EU Member States are closely working together and joining forces at EU level. The European Commission (DG RTD) has collected input from all member states on their R&D activities and is coordinating political responses at the level of the European Commission. President Ursula von der Leyen has established a Coronavirus response team to this end. These channels are also used to share objective information and data on the pandemic.
Corona-Related R&D policy in the context WHO, GloPID-R, and CEPI
Germany strongly supports and actively promotes international cooperation in the area of research and development for new vaccines, therapies and diagnostics. To this end, it has stepped up financial support of international organizations and networks that are dedicated to these aims. Germany is providing the World Health Organization (WHO) with additional financial support of 50 Mio. € for Covid-19. It also advises citizens and other states to follow the recommendations of the WHO. During the World Health Assembly on May 18, 2020, the Federal Ministry of Health also called for a reform of the WHO to strengthen its ability to coordinate responses and collect information and data faster in future health crises.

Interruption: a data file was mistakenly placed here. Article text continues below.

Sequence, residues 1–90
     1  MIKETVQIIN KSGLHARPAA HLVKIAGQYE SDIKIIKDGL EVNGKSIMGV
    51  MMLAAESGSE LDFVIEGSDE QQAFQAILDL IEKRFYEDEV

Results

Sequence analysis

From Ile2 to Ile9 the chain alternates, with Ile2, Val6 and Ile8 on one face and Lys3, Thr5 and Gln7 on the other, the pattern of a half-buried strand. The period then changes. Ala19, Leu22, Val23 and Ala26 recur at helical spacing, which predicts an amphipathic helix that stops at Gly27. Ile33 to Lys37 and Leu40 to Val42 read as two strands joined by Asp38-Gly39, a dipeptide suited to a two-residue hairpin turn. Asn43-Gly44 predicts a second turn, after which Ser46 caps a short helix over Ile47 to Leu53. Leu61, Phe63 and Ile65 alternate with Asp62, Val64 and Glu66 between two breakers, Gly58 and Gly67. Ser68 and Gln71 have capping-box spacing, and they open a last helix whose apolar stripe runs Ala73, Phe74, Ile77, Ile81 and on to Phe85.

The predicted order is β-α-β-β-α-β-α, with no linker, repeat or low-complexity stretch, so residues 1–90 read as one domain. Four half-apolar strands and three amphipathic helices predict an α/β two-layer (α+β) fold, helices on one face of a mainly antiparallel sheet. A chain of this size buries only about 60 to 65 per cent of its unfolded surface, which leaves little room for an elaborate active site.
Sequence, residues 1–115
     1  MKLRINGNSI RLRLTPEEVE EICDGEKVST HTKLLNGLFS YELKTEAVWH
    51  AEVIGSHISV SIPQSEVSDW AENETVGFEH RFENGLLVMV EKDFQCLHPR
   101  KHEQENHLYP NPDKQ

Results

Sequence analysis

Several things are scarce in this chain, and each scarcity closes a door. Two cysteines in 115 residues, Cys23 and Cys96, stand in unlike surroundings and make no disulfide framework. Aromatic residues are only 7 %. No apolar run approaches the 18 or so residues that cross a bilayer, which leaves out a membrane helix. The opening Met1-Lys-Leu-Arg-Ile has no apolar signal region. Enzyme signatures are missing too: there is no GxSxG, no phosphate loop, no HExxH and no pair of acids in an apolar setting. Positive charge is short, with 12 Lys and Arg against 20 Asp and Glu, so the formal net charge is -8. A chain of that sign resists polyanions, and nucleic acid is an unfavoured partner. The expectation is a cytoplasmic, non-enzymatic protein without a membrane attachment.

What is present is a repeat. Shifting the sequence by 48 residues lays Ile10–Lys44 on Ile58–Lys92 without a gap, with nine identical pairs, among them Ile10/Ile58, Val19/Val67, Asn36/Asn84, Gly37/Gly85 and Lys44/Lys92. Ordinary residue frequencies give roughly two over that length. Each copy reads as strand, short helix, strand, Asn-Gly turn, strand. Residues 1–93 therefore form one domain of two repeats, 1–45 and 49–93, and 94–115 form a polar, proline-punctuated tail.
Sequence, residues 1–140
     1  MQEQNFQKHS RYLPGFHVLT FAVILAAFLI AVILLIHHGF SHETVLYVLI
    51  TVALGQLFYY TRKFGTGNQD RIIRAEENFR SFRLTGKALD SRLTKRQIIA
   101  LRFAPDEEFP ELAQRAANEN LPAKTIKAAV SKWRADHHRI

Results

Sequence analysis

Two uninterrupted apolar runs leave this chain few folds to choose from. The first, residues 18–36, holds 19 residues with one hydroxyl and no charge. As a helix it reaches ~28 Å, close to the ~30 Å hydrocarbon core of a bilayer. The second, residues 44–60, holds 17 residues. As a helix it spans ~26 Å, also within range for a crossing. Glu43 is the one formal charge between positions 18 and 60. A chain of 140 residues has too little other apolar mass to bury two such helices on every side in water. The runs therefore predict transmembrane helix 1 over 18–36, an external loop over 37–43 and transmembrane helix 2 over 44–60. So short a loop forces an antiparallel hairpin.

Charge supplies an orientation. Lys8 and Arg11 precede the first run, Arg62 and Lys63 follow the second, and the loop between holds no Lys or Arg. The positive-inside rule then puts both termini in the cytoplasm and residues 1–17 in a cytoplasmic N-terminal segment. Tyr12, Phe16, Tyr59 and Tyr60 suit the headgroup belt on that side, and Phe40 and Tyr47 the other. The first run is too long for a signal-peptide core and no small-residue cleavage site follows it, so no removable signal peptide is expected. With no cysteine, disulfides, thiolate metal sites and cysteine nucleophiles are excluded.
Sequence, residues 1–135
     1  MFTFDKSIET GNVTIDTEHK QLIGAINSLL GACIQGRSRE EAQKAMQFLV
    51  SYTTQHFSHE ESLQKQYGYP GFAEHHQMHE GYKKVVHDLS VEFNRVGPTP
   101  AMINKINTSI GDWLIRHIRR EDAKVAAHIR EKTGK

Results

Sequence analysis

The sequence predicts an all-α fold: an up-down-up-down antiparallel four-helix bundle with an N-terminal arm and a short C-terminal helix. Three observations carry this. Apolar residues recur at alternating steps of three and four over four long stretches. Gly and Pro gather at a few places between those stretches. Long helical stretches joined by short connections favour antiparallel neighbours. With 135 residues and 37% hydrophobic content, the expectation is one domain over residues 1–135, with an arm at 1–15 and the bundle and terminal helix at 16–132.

Coalition for Epidemic Preparedness Innovations (CEPI)
The German Federal Ministry of Education and Research is supporting the international Coalition for Epidemic Preparedness Innovations (CEPI) with an additional 140 Mio. € to promote R&D on new vaccines against Covid-19. These come as an addition to the 90 Mio. € that Germany has already been contributing to CEPI between 2017 and 2021. At the European Commission’s Donor Conference on May 4, 2020, Germany has furthermore committed to further increase contributions to CEPI by 90 Mio. € in 2021. Germany also invites G20 countries to support the international Coalition for Epidemic Preparedness Innovations (CEPI) in their effort to develop a vaccine against SARS-Cov2.
Investment coordination and GloPID-R